I have spent many days in the museum’s archive, going page by page through the anatomized “Time Capsules,” and I have thereby unearthed countless surprising and revelatory facts about Warhol’s process, his aesthetic development, and the cultural movement that surrounded him and was partly his brainchild. In the Time Capsules I have discovered an “idea notebook” of Warhol’s, in his own hand, detailing plans for conceptual artworks that never reached fruition. I have discovered personal correspondence from several of his collaborators and associates, including Gerard Malanga, Viva, Troy Donahue, and Irving Blum. I have found rare photographs, and most importantly, I have discovered period pieces such as movie magazines, news magazines, physique magazines, hospital brochures, ticket stubs—ephemera that usually escapes the historian’s grasp, but that Warhol systematically saved. I believe that the contents of the Time Capsules are of interest not only to students of Warhol’s artwork, but to any scholar investigating the cultural history of the 1950s, 1960s, 1970s, and 1980s. Indeed, these caches may turn out to be the most idiosyncratic repositories of American countercultural memory extant.Wayne Koestenbaum, writer and poet, “Point of View,” created for One Stop Warhol Shop, web project.
Andy Warhol’s Time Capsules represent the revenge of the historical subject. Imagine that you’re researching a biography, attempting to distill some essence of everyday life and times. And Warhol gives you 610 boxes of raw material to work from. It’s really overwhelming, an absurd amount, all unsorted. And yet, there are treasures to be found. A tiny, rare silkscreened canvas, one of the first Andy ever made as a contemporary artist, was unearthed in a box filled with unopened junk mail, magazines, Velvet Underground records, and a map to a party.Ingrid Schaffner, writer and independent curator, “Point of View,” created for One Stop Warhol Shop, web project.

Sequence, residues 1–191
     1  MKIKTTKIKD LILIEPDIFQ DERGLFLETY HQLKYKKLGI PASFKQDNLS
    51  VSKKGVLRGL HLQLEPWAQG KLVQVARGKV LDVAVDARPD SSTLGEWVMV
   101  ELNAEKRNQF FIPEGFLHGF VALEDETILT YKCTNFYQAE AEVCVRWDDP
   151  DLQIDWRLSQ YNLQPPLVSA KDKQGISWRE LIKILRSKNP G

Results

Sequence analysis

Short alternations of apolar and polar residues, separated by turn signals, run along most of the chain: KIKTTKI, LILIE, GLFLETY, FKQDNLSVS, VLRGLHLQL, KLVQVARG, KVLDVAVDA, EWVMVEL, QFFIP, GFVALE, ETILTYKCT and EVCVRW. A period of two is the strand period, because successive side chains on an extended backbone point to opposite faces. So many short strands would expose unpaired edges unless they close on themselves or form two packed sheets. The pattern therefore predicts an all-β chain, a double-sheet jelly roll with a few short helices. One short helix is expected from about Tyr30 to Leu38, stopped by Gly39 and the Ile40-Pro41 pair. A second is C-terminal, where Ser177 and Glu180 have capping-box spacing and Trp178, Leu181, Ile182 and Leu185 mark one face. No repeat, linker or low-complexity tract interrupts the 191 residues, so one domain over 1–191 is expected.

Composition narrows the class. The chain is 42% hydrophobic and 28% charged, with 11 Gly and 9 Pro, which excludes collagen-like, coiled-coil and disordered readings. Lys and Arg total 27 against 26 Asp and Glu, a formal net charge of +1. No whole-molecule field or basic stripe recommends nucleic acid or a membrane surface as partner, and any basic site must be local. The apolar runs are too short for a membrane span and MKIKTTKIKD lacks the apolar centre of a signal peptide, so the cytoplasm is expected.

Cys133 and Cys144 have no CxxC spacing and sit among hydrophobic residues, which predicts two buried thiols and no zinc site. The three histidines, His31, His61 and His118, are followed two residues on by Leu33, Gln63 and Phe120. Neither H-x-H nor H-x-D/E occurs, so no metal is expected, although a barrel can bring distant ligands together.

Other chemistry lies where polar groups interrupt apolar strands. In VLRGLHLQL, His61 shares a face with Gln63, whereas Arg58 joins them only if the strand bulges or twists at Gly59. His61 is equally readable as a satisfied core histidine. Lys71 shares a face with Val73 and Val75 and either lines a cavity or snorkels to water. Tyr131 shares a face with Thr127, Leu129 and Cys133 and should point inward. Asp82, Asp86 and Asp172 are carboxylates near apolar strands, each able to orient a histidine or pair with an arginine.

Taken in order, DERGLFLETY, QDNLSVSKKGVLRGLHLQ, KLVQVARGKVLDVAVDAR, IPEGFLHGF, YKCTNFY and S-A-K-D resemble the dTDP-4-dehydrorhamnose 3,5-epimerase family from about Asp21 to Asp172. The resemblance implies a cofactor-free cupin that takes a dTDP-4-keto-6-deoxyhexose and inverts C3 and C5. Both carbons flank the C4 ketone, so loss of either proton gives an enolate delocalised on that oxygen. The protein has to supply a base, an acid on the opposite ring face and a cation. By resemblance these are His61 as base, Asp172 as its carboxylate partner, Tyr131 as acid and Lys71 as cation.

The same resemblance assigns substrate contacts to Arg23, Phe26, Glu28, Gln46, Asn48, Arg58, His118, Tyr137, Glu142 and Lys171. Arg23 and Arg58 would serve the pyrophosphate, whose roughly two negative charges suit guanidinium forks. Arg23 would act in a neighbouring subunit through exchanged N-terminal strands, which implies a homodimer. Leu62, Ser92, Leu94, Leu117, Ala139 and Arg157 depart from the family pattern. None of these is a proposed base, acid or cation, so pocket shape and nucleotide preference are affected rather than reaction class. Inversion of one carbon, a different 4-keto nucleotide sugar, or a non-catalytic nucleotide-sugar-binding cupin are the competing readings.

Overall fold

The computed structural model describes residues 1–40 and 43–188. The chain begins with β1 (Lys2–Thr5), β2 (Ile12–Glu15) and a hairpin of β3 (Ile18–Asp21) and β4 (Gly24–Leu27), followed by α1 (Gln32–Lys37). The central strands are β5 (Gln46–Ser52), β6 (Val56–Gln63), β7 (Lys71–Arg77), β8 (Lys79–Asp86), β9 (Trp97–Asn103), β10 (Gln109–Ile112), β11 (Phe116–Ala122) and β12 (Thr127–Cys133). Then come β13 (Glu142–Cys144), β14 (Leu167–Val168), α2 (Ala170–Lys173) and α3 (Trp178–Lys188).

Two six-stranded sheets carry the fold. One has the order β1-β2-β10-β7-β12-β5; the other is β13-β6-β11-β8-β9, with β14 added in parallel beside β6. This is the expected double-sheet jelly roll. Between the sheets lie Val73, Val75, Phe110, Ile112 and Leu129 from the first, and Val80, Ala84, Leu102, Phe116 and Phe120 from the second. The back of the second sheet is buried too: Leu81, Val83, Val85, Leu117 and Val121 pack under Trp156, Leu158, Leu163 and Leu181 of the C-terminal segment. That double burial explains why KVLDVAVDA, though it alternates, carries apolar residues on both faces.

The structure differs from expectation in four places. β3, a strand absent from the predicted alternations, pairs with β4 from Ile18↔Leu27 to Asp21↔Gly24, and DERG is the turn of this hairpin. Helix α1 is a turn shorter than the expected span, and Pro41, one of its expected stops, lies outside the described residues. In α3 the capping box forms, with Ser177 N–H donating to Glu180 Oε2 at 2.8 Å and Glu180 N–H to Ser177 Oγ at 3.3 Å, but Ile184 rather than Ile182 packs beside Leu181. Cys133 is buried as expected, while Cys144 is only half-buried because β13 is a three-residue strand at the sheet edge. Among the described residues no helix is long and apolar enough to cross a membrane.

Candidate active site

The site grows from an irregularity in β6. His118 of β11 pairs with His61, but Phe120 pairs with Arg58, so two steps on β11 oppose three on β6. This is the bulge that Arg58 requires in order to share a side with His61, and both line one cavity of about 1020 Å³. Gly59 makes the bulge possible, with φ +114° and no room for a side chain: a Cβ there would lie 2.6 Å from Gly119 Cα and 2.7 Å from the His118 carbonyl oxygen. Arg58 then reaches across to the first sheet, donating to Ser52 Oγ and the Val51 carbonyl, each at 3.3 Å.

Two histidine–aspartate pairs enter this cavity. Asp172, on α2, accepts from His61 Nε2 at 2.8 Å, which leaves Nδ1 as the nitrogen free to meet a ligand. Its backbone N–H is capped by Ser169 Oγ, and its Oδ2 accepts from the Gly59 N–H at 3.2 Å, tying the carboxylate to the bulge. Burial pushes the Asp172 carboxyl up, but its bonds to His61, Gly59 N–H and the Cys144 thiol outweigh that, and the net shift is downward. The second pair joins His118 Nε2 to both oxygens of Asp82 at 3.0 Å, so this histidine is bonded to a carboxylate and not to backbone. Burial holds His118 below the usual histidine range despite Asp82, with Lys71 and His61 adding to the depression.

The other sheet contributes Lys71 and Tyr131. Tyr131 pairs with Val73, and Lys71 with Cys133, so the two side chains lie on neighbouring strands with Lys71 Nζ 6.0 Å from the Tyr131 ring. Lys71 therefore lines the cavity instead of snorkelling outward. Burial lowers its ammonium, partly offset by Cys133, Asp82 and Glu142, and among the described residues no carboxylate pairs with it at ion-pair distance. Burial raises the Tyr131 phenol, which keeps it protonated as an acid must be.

Andy Warhol possessed both too much and too little. In his capacity to have done those things equally, he vitally characterizes how we engage with the profusion of objects made possible by life in industrial societies. On the one hand, by the time of his premature death his house had become impassible because of the accumulated bulk of his art, furniture, tchotchkes, and personal effects, and the idea of his having to maintain what he called Time Capsules would be perfectly reasonable to anyone in the possession of that most modern of inventions, the storage unit… His collections stagger us as we try to make sense of their meanings, and we might begin to think that he was simply a pack-rat unable to discard the mundane things he encountered in his daily life: he had too much. Simultaneously, as we begin to sort through the belongings that he gathered around him, we are tempted to wonder what he didn’t hold onto and whether we might discover the lost fragment (such as the precious discarded rosebud of Citizen Kane) through which one life might be satisfyingly explained. No collection is ever complete and thus begs for those things that it fails to include: the collection always wants more. In short, Warhol’s collections could never be large enough to explain his life and art. Matthew Tinkcom, “Andy Warhol and Collecting: Kitsch and the Inexpensive,” essay in Possession Obsession exhibition catalogue, The Andy Warhol Museum, 2002, p. 50.